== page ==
LONDON, June 18 (Reuters) - Escalating trade tensions between Washington and Beijing knocked emerging stock markets to a six-month low on Monday while a stronger dollar weighed on currencies.
MSCI’s emerging market stocks weakened 0.4 percent on their fourth straight day in the red, with Asian bourses such as export-heavyweight South Korea tumbling more than 1 percent, though China and Hong Kong markets were closed for a holiday.
The losses came after the United States on Friday detailed $50 billion of Chinese imports to face 25 percent tariffs. The move prompted a swift response from Beijing, which reciprocated saying it would sanction $50 billion of U.S. imports and suspending all previous trade agreements with U.S. President Trump’s administration.
“Right now there is no real sign that either Trump or (Chinese President) Xi Jinping will back off,” said Per Hammarlund at SEB.
“There might be other rounds of tariffs, and then where will it end? Trump’s... not the person to back off in a fight like this and given everybody has vowed to respond in kind there is no opening for any kind of solution yet.”
Emerging markets had already suffered following last week’s hawkish outlook from the U.S. Federal Reserve and the European Central Bank signalling interest rates would be kept at record lows up to at least mid-2019, which pushed up the dollar.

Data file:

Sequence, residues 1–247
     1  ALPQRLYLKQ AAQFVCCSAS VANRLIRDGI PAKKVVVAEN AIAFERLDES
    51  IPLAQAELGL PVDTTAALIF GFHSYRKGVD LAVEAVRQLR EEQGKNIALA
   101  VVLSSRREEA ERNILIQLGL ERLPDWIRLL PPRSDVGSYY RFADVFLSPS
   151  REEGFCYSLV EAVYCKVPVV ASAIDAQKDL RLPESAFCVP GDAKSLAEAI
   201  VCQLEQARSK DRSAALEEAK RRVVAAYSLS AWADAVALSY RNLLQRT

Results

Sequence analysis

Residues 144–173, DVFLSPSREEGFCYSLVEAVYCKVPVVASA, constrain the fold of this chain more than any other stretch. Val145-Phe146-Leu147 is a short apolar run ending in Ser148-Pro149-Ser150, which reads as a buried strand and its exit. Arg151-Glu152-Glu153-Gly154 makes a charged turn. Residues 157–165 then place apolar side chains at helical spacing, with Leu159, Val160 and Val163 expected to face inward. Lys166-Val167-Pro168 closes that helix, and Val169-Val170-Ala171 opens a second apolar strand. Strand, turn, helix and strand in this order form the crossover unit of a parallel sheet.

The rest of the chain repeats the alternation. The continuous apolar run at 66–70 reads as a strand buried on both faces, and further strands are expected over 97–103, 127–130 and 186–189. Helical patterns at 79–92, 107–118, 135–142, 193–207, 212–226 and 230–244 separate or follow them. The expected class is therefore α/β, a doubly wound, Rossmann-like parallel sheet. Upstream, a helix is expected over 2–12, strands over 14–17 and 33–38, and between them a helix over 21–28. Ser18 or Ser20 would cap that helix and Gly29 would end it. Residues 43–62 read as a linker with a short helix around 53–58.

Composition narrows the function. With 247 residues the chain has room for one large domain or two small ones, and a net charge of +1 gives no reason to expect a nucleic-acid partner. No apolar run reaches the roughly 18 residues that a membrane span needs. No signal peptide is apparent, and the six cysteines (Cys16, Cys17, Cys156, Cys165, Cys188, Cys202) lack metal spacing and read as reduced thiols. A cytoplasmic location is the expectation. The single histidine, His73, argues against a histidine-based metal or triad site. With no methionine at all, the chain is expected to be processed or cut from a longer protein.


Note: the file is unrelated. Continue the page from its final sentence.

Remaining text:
Data from EPFR Global underscored investors’ cautiousness, with global emerging market equity funds seeing outflows accelerate to hit $1.3 billion in the week to last Wednesday and dedicated GEM funds suffering their biggest weekly leakage since the week after the U.S. elections in November 2016.
Emerging currencies were also struggling thanks to weaker commodity prices, with oil under pressure as China’s retaliatory tariffs included U.S. crude while the dollar was still trading within view of the seven-month highs hit on Friday.
Mexico’s peso, a weather-vane for trade sentiment, weakened 0.4 percent against the dollar, while South Korea’s won, sensitive to export swings, also softened.
Crude exporter Russia saw the rouble weaken 0.3 percent amid slipping oil prices while South Africa’s rand matched those falls.
Turkey’s lira proved the exception to the rule, strengthening 0.2 percent after five days in the doldrums and with local markets catching up on re-opening after Friday’s Eid al-Fitr holiday.
But SEB’s Hammarlund said this might be a short lull ahead of Sunday’s presidential and parliamentary elections. Several recent polls have suggested President Tayyip Erdogan’s ruling AK Party could lose its parliamentary majority in the poll, which would put a brake on his ability to exercise the powers of the new executive presidency.
"Worries about what could come after the election on Sunday dominate the market now – there's a wait-and-see approach to see if the opposition might be able to win the parliament, in which case it could be a very tricky political environment," said Hammarlund. "It's going to be a very tight race and it’s within the margin of error that the opposition could win parliament." For GRAPHIC on emerging market FX performance 2018, see tmsnrt.rs/2e7eoml For GRAPHIC on MSCI emerging index performance 2018, see tmsnrt.rs/2dZbdP5
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